Yang Mingming's conversational-clash indie drama pits mother against daughter.
Girls Always Happy proves anything but in Yang Mingming’s feature film debut. She both directs and stars as Wu, the troubled daughter and one-half of the powerfully dysfunctional family dynamic that anchors the film. The other half is her mother (Nai An), a depressed and repressed woman, single and living under the thumb of her father (Huang Wei). She stays with Wu in the Hutongs, an old Beijing district with winding alleys and cobbled streets.
This slightly bigger residence can barely accommodate the big personalities of them both, and so they take turns appeasing the doting grandfather who lives alone. This is in the desperate and petty hope that he left them a residence in his will, so they can turn a profit from it. This situation makes them feel trapped, and they lash out at each other with sudden resentment and cynicism to spare thanks to the intelligently witty and scathing screenplay.
The naturalistic screenplay of Girls Always Happy is layered with a complex understanding of its central characters and their economic position. The flaws and complete histories of the mother and daughter can be felt through their stinging vocal exchanges and severe stares. They are also both writers so there is a sense of artistic temperament on top of the matriarchal malaise. Yang Mingming who plays Wu also lived with her real mother in the Hutongs, and this definitely adds an observable personal connection.
Girls Always Happy utilises its best dialogue over food. This is a fantastic metaphor used throughout to highlight the tone of each conversation. From the mother sadly sucking down on packeted milk drinks, to the pair munching on lamb chops and spitting the leftovers into a bowl as they exchange passive-aggressive quips.
Food is a cohesive part of their relationship, and is reused to great effect, particularly how it conveys their values and attitudes. When Wu eats leftovers with a chatty ex-classmate who drops by, the mother opens the fridge later only to discover to her despair what she had been looking forward to all day has been selfishly devoured by her offspring. In less common happier times, Wu is seen picking out a melon, and later shares it with her mother. These small moments sound uninteresting but the context of the situation is enhanced by the way they, and others in their life, communicate over food.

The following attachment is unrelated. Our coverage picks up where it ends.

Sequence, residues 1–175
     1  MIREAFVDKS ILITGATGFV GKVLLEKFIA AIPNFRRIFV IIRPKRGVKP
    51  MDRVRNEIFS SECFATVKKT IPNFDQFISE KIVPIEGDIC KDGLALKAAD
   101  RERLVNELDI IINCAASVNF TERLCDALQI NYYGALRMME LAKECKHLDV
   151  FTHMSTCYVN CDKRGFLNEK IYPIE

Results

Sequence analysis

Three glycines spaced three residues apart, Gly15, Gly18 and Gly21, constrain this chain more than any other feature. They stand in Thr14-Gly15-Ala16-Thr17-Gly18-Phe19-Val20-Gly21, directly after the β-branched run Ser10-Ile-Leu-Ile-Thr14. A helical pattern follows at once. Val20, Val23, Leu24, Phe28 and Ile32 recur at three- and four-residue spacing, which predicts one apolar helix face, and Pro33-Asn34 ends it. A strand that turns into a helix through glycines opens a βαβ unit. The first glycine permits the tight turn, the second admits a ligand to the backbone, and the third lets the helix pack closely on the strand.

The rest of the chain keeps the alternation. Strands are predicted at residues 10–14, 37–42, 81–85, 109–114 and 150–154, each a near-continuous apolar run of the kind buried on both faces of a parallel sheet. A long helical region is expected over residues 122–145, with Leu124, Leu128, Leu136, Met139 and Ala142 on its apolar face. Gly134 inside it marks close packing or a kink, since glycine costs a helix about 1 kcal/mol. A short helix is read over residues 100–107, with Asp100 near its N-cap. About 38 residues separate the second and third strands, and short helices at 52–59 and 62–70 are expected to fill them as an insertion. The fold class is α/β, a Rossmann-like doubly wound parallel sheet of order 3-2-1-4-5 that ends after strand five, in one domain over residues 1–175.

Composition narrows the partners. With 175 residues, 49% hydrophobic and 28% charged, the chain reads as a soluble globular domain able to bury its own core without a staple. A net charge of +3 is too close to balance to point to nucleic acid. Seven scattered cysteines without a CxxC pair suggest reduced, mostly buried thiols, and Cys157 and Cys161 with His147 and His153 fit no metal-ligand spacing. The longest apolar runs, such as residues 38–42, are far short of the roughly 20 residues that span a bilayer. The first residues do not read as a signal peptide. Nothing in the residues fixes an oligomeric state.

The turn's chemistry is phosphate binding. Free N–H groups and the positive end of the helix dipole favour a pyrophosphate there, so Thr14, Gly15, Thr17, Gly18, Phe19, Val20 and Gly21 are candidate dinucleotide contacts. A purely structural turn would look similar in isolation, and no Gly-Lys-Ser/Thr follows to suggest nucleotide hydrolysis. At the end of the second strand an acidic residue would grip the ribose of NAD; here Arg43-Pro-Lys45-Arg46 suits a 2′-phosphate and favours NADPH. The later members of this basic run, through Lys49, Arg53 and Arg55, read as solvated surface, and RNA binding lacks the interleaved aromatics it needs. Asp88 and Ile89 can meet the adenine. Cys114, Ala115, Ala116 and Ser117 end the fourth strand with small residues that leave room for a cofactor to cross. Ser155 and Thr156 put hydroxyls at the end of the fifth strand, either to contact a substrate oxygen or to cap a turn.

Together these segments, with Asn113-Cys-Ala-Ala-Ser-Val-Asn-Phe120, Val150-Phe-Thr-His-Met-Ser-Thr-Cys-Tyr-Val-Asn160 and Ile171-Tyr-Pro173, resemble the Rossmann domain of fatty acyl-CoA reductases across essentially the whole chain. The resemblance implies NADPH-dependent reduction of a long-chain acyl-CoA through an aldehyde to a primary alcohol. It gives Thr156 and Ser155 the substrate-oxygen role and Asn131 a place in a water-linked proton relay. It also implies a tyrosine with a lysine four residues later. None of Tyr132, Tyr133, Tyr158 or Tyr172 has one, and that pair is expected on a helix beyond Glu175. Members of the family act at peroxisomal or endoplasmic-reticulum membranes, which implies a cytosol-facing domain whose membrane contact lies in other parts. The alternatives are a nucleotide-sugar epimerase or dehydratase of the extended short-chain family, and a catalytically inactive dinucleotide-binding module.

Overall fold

The focus on the little details is what makes Girls Always Happy so compelling. Outside the smartly constructed dialogue is the body language, mannerisms and personality traits of both Wu and mother that conveys much about them. This is very strong character work of two very petty and petulant people. Their passive-aggressiveness and critical snipes progress to full-on personal attacks and Yang Mingming brilliantly builds momentum of the conversation until it boils over and the mother retreats, often wailing melodramatically.
This is often shockingly funny, and perhaps a family trait as the needy grandfather also shares this immaturity, acting up his hearing condition and constantly calls on either of them to perform pointless tasks, with not a hint of gratitude.
Outside the central conflict of mother versus daughter, the supporting cast seem equally as absorbed in their own lives, drifting through the seemingly pointless day to day. Wu’s mother is surrounded by fickle friends peddling magnet-activated trinkets as a solution to her problems. Wu’s on-again off-again boyfriend Zhang (Zhang Xianmin) and the mother’s divorced friend Baogang (Li Wenbo) simply end up offering an escape from the confines of each other. It is ironic then that mother and daughter bond when dissing the men in their lives, despite the benefits Zhang offers Wu.
Men, and the ruling society they represent are criticized in Girls Always Happy. The patriarchy is felt through the grandfather’s overbearing presence, but also the overruling oppression of the old guard, such as the lazy elderly men that take turns observing the Hutong streets, or the bitter security guard Wu later contends with. The old generation are unable to understand or assist anyone else, and the younger generation are conflicting with them more than ever.
The economic situation in Beijing is also highlighted in Girls Always Happy. The residences in the Hutongs is is a specific Beijinger subculture that is brought to life by cinematographer Shan Xiaomin’s digital lens. The twisted maze-like paths are filled with vibrant life as the camera playfully follows Wu out to the urban sprawl that will eventually consume this storied section of the city. Additionally the interior design of their home feels authentic and lived-in, with little details everywhere the eye wanders on screen.
Girls Always Happy is an artfully constructed indie drama. The confident direction, focus on detail and convincing chemistry of the mother and daughter paradigm makes for an impressive, darkly funny and personally charged debut.